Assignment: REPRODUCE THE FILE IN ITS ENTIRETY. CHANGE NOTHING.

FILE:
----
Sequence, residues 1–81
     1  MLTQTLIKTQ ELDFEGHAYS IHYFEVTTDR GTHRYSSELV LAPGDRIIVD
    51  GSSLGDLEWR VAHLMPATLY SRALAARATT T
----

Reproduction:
Sequence, residues 1–81
     1  MLTQTLIKTQ ELDFEGHAYS IHYFEVTTDR GTHRYSSELV LAPGDRIIVD
    51  GSSLGDLEWR VAHLMPATLY SRALAARATT T